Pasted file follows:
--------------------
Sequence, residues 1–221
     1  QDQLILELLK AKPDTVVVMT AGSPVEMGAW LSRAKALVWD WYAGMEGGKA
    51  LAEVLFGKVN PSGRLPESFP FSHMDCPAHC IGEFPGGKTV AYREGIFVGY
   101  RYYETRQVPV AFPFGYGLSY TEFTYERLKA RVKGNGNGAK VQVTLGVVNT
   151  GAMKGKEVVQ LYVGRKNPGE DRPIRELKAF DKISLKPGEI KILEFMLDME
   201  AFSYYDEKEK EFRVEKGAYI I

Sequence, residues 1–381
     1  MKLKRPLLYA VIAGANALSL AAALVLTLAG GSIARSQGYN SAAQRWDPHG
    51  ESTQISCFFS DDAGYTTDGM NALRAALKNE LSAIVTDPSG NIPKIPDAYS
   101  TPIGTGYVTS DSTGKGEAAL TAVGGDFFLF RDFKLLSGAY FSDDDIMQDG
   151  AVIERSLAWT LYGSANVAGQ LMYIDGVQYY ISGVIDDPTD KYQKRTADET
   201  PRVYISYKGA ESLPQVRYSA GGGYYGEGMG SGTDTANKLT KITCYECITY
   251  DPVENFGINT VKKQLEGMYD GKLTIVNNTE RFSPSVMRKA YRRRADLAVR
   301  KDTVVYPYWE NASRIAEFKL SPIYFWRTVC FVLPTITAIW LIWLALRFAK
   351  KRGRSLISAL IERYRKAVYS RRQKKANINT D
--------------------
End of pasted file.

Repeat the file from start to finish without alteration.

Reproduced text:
Sequence, residues 1–221
     1  QDQLILELLK AKPDTVVVMT AGSPVEMGAW LSRAKALVWD WYAGMEGGKA
    51  LAEVLFGKVN PSGRLPESFP FSHMDCPAHC IGEFPGGKTV AYREGIFVGY
   101  RYYETRQVPV AFPFGYGLSY TEFTYERLKA RVKGNGNGAK VQVTLGVVNT
   151  GAMKGKEVVQ LYVGRKNPGE DRPIRELKAF DKISLKPGEI KILEFMLDME
   201  AFSYYDEKEK EFRVEKGAYI I

Sequence, residues 1–381
     1  MKLKRPLLYA VIAGANALSL AAALVLTLAG GSIARSQGYN SAAQRWDPHG
    51  ESTQISCFFS DDAGYTTDGM NALRAALKNE LSAIVTDPSG NIPKIPDAYS
   101  TPIGTGYVTS DSTGKGEAAL TAVGGDFFLF RDFKLLSGAY FSDDDIMQDG
   151  AVIERSLAWT LYGSANVAGQ LMYIDGVQYY ISGVIDDPTD KYQKRTADET
   201  PRVYISYKGA ESLPQVRYSA GGGYYGEGMG SGTDTANKLT KITCYECITY
   251  DPVENFGINT VKKQLEGMYD GKLTIVNNTE RFSPSVMRKA YRRRADLAVR
   301  KDTVVYPYWE NASRIAEFKL SPIYFWRTVC FVLPTITAIW LIWLALRFAK
   351  KRGRSLISAL IERYRKAVYS RRQKKANINT D